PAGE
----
PHOTO ESSAY: Work boot company Steel Blue has shown niche, quality-focused manufacturing has a place in Western Australia.
A commitment to offer premium-quality work boots to a marketplace crowded with low-end, cheap and uncomfortable footwear was the driving force behind the creation of theSteel Blue brand more than two decades ago.
Backed by years of experience working in the safety footwear sector, five Perth-based co-founders launched Steel Blue in 1995 from a manufacturing facility in Bassendean, complete with a quality and comfort guarantee.
With their boots priced 50 per cent higher than the competition, co-founder and director Ross Fitzgerald said the team was determined to signal from the get-go that Steel Blue’s boots offered superior value.
“We took a gamble,” Mr Fitzgerald told Business News.
“In the first eight months we lost over $500,000, so that wasn’t a good start.
“We had to put more money into it, and that was gutsy.
“It was a recession at that time, but if we had brought out something that was the same (as competitors’ products) we wouldn’t have lasted five minutes.”
Although the market was initially sceptical of what was deemed an expensive boot, persistence paid off when the company launched a 30-day money-back comfort guarantee for all of its products, helping it to get a foot in the door with distributors.
Mr Fitzgerald said the tightening of occupational safety and health standards in Australia created further demand for work-safe footwear. And although this prompted the entrance of more competitors, Steel Blue maintained its market share.
Strong sales amid growing demand in the early 2000s led the company to shift to a larger factory in Malaga, and enter a trading agreement with a manufacturer in Jakarta.
Within 10 years, Steel Blue boots were sold in New Zealand, Africa, the Middle East and the UK, with distribution centres established across the globe.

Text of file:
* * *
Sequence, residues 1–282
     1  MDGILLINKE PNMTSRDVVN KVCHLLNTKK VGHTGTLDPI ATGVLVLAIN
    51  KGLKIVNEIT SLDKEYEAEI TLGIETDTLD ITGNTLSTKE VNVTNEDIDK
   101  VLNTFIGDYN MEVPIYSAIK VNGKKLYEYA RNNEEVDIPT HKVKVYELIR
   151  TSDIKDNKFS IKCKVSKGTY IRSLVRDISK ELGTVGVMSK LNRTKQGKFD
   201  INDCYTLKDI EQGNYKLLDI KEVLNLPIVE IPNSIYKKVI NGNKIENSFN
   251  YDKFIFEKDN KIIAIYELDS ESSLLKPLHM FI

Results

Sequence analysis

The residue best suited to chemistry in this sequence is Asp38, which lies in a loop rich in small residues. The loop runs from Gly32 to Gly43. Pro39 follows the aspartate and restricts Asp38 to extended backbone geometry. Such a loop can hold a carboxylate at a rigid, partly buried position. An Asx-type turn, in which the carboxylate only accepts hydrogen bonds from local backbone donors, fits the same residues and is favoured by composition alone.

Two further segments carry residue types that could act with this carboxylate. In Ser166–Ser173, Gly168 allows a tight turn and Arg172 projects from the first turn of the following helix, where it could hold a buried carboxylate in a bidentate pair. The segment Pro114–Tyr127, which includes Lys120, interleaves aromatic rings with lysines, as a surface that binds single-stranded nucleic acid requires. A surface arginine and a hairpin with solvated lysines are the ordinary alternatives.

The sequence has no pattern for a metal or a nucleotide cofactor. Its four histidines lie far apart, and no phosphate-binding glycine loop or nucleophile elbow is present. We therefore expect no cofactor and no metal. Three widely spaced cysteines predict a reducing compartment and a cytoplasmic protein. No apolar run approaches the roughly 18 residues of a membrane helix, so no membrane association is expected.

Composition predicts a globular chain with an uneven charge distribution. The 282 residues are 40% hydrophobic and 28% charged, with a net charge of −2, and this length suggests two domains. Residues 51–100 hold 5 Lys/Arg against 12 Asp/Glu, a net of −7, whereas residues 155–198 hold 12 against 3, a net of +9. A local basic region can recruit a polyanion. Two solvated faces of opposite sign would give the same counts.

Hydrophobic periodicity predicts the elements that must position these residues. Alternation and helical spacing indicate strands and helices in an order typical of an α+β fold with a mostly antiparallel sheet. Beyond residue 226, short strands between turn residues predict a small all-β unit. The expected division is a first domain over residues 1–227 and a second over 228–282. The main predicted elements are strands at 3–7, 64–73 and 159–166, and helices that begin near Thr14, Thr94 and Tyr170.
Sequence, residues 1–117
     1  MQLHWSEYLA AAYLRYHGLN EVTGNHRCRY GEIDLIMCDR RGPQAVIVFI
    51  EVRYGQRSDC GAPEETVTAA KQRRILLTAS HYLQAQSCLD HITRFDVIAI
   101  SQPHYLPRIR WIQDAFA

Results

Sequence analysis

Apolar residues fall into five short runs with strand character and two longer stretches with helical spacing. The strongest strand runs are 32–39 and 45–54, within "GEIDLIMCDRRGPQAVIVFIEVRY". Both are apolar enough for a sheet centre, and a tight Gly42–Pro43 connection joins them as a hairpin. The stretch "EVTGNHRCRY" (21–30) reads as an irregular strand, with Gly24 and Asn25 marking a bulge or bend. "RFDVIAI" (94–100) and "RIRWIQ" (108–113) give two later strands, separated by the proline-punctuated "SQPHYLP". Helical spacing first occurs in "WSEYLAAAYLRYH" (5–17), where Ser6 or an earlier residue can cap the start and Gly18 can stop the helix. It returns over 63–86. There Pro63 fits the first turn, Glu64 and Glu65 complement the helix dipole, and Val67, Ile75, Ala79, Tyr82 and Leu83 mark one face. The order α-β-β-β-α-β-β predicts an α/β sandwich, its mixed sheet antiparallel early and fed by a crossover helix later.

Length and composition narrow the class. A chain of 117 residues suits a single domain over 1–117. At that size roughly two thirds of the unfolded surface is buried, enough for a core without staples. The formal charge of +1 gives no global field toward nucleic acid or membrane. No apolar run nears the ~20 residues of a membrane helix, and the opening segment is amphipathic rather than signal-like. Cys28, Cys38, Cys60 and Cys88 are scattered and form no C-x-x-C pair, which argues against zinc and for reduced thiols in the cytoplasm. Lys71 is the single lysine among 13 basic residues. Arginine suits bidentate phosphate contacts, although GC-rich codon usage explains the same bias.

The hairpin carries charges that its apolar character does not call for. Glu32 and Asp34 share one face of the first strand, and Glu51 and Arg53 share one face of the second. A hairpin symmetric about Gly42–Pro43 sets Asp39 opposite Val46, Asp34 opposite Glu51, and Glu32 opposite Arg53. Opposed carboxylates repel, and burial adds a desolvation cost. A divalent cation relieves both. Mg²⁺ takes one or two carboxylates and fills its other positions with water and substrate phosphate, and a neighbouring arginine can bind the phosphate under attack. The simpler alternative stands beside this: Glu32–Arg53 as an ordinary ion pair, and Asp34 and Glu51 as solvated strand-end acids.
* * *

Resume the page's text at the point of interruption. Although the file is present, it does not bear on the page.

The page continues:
In 2015, the company launched subsidiary companies in Europe and the US.
Mr Fitzgerald, who is now the only original founder still working in the business, said Steel Blue’s international portfolio accounted for a near 15 per cent of its revenue, with the company producing more than 500,000 pairs per annum, maintaining selling levels achieved at the peak of the resources and construction boom five years ago.
“This shows that our diversification strategy into new sectors, along with the addition of new ranges and our investment into international markets has been successful,” he said.
“We’ve made boots in Western Australia from day one, and I can’t see us ever changing that.”
Although the high Aussie dollar and labour costs may have resulted in some manufacturers quitting WA, Mr Fitzgerald said Steel Blue recognised the value in keeping the brand’s Perth ties.
“One thing we can’t control in this business is the Aussie dollar,” he said.
“As volumes got higher, it was always going to be difficult.
“But we still manufacture a percentage here, we’re proud of that and use it as a selling tool for the business.
“It would be probably better for the bottom line if we didn’t make it here, but then maybe we wouldn’t do the volume; it’s been great to showcase our business, bring distributors and end-users through and show them what we do here.”
Around 200 pairs of boots, or about 10 per cent of total output, are made daily at Steel Blue’s Malaga base, which has a focus on made-to-order boots, whereas the Jakarta operation produces the bulk of general and backfill stock.
“Before we made a pair of boots, one of the things we said we wanted to be was a sales, marketing and development business, not necessarily someone involved in manufacturing,” Mr Fitzgerald said.
“There’s a lot of room for improvement; product innovation is a big thing for us, we don’t want to sit still.
Steel Blue has always undertaken in-house research and development to explore ways to tailor its boots to reduce shock forces to the feet, knees, hips, and lower back.
As a result, it is the only safety boot officially endorsed by the Australian Physiotherapy Association.
Mr Fitzgerald said the business planned to release two new products later this year and hoped to start production involving a defence contract it recently secured with the Australian Army for non-combat workshop boots.